Guest commentary: Giving our kids a jump start
A few years ago, we learned that only about half of local kids who showed up for their first day of kindergarten were actually ready to learn.
Some were scared to leave their parents or had never entered a classroom before and couldn’t sit still. Others had no meaningful experience with words or numbers. So, to put it another way, these children were already behind on their first day of school.
When this happens — and it happens a lot, because preschool isn’t available to many kids in the Aspen-to-Parachute region — it can derail academic success from the get-go. If the Aspen Community Foundation’s Cradle to Career Initiative is to help all of our region’s 22,000 children succeed in life, then one of the things it must do is prepare kids to learn at the outset of their educational careers. And that’s why the Cradle to Career Initiative’s first goal is “Ready for Kindergarten.”
This isn’t an easy goal. Many families can’t pay for quality preschool, and many of those with the ability to pay often cannot find space for their kids in the valley’s full-to-the-brim early-childhood centers. Here are some of the things we’ve done to answer these needs:
First, in western Garfield County, we’re literally bringing preschool to underserved neighborhoods in the form of school buses retrofitted into preschool classrooms. In New Castle, Silt and Rifle, “Gus the Bus” and “The Sunshine Bus” travel to lower-income areas where kids attend preschool in the parked vehicle. In exchange for this free program, the parents volunteer on the bus and attend once-per-month parent-education meetings, where they learn about everything from proper nutrition to the importance of reading to their children.
The results from the program are remarkable and receiving statewide recognition. The Colorado Department of Education recently licensed the “Preschool on Wheels” program as the first of its kind in the state. During its three years of operation, 235 kids have benefited from this education. David Collins, director of the Education Department’s Early Care and Learning Division, said, “We are hopeful that the mobile preschool model will expand to other areas of the state where child care deserts exist, thereby expanding access to high-quality preschool for more children.”
We’re using other strategies in other places. In Basalt, Carbondale and Glenwood Springs, where there are long waiting lists to attend preschool, we’ve worked with the Roaring Fork School District to create summer “jump start” programs in the elementary schools. By identifying incoming kindergartners who have not had prior schooling or who have other risk factors, we’re able to offer a five-week introduction to school. Thus, when these children show up in the fall, they’re greeted by familiar faces in a familiar place. They know how to function in a classroom and with their classmates. These programs also include home visits, so the parents become part of the learning process.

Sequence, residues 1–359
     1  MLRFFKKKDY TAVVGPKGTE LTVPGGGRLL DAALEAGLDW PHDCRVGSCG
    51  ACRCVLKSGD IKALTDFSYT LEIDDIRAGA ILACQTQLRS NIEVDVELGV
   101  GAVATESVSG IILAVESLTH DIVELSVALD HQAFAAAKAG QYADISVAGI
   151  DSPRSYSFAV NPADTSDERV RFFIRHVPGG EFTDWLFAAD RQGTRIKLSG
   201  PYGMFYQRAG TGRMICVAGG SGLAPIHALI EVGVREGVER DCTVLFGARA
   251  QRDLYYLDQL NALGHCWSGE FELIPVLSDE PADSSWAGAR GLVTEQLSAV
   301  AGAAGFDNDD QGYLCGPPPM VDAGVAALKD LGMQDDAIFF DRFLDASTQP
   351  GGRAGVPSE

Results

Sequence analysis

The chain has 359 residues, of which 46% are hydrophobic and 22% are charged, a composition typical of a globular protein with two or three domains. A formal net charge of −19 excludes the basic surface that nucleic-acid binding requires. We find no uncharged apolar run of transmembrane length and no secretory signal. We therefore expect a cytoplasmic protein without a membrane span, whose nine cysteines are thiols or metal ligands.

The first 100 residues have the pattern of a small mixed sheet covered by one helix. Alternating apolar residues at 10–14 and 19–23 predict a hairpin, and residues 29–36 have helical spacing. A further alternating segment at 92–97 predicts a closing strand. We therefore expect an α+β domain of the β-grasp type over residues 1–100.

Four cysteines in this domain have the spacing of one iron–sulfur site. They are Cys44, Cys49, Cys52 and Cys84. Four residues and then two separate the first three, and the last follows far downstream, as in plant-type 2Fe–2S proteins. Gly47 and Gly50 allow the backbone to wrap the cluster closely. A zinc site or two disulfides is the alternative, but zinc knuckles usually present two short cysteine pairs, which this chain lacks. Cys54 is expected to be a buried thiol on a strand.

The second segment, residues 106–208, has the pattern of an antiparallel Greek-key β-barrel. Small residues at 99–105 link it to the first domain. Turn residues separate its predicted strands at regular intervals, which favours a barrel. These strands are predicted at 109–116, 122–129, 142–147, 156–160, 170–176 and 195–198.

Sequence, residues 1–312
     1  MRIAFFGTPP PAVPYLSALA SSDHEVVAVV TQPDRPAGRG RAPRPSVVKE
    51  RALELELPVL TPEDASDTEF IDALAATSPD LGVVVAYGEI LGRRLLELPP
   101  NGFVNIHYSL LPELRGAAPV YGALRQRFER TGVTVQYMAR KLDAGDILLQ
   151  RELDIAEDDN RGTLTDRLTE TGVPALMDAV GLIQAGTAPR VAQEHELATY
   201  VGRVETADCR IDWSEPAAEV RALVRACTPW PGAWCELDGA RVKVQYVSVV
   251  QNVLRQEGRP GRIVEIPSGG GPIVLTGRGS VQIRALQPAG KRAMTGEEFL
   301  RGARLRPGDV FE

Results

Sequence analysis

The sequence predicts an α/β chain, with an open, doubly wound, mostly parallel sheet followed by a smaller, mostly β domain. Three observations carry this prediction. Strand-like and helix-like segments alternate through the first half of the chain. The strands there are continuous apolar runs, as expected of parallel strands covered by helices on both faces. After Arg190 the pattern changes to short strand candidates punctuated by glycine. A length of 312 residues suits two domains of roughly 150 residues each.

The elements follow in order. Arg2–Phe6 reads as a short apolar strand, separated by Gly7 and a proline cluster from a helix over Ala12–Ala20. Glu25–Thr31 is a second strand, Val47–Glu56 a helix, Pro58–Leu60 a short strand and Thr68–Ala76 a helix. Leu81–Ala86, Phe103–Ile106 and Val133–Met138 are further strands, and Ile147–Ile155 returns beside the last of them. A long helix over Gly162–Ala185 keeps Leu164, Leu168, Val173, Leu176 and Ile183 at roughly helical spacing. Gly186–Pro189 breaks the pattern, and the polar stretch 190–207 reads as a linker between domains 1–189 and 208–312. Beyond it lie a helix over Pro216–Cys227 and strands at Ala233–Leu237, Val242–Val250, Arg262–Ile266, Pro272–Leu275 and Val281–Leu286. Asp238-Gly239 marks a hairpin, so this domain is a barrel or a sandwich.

In Aspen, we’re also enabling between 30 and 40 at-risk children to attend a six-week summer preschool program for incoming kindergartners. These children receive state funding to attend preschool from September to June but would otherwise go without the classroom and social time during summer. With our help, they enter kindergarten fully prepared for their first “real” classroom experience.
All of this good work does not happen without dedicated professionals working together, sharing their expertise and clearing obstacles to solve problems. The Ready for Kindergarten team of the Aspen Community Foundation’s Cradle to Career Initiative includes child care providers, nonprofit groups, schoolteachers and administrators, and human-services professionals. We extend our deep gratitude to this core team and all the local government, business and community members who are working with us to address this issue in each of the region’s cities and towns.
Through these coordinated efforts involving hundreds of people, we’re making real headway toward giving all of the region’s children a strong educational start. And the research tells us that the right classroom and social experiences in early childhood make all the difference later in life.
Tamara Tormohlen is executive director of the Aspen Community Foundation.
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